This episode itself was an echo of what happened around a decade earlier, when the oil price fell as low as $9/bbl towards the end of 1998, forcing Russia to devalue its currency and default on its sovereign debt. I still remember reading a copy of the Economist at the time whose cover posed the question “$5 oil”? Much as it has today, consensus opinion very quickly began to assume that because the oil price had fallen, it would continue to fall and remain extremely low for a long time, if not indefinitely. Russian equities would once more have looked like toxic waste at the end of that year. Yet in less than twelve months, the price of oil doubled to over $20/bbl, and the “toxic waste” that was the Russian market would have tripled the money of anyone “crazy” enough to invest.5
My view is that oil prices can’t remain at current levels for too long. In the short run, they might overshoot further to the downside, but eventually the invisible hand of the market is likely to work its magic. Already we are seeing high-cost producers cutting investment, and on the demand side, we may well see consumers starting to use more fuel as it becomes less expensive for them to do so. It may take time for these forces to make themselves felt – but as the examples of 1998 and 2008 show, neither excessively high oil prices nor excessively low oil prices last indefinitely.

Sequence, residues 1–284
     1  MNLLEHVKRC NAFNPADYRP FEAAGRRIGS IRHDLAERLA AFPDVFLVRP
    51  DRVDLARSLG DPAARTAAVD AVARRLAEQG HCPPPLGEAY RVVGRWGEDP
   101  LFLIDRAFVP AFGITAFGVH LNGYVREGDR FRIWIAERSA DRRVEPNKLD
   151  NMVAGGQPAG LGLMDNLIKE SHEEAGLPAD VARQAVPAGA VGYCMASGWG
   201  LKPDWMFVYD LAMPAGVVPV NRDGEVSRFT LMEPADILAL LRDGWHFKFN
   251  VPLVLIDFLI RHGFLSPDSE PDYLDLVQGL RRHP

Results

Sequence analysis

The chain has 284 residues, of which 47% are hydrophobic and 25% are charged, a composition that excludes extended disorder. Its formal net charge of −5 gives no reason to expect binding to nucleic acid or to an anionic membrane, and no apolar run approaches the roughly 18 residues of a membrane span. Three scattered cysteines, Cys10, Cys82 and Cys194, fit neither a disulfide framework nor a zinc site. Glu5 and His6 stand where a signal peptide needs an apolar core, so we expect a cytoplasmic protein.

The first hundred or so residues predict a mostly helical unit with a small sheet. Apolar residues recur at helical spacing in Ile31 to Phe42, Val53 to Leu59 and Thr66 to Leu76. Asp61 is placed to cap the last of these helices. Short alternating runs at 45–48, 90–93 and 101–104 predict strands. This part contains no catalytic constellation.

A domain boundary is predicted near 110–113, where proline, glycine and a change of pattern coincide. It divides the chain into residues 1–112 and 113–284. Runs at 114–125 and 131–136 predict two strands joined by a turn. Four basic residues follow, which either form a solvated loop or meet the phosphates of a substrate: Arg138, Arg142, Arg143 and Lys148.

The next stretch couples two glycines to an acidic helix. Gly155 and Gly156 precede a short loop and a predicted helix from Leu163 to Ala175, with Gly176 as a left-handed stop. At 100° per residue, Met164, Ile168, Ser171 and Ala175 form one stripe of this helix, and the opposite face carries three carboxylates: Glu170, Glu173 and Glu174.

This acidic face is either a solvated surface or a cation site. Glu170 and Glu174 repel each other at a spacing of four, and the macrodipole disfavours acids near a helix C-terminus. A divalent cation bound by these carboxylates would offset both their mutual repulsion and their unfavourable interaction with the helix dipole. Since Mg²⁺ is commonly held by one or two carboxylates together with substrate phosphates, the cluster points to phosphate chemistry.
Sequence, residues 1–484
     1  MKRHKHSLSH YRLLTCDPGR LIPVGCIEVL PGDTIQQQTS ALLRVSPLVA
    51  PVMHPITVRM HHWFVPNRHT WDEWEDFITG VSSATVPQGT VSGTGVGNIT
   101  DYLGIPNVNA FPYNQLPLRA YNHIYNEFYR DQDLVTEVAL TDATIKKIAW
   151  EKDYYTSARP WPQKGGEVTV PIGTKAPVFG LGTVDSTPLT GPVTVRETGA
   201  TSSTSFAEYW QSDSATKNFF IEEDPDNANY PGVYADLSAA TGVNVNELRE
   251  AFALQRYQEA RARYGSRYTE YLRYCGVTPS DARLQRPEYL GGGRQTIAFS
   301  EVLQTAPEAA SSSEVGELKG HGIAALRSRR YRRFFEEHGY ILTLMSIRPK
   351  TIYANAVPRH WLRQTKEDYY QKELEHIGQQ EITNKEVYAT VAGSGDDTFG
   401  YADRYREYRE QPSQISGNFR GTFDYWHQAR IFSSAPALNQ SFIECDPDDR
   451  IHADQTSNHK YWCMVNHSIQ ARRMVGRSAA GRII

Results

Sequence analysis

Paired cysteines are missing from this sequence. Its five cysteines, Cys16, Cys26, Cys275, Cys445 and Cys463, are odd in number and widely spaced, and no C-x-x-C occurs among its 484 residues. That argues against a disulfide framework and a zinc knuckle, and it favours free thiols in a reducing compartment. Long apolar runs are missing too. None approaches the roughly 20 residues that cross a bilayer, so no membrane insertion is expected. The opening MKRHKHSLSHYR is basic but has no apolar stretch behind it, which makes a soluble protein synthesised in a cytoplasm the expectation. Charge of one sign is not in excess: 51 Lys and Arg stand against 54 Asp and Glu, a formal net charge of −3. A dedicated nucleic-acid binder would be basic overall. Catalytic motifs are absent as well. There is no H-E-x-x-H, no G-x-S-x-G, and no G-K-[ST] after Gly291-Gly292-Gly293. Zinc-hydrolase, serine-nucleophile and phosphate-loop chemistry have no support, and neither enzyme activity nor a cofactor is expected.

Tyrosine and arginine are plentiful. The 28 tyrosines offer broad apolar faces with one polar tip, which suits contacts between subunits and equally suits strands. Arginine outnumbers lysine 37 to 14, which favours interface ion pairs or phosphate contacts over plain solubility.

Of course, there is one important difference between the current situation and previous Russian crises – the deterioration in relations between Russia and the West. Unfortunately, this may well persist for some time, given the divergence of views on the Ukraine crisis. However, this is widely expected, and to a large extent reflected in extremely low valuations, which have fallen to levels last seen at the trough of the global financial crisis. In any case, in my view the economic impact of sanctions appears to be much less significant for Russia than that of the oil price.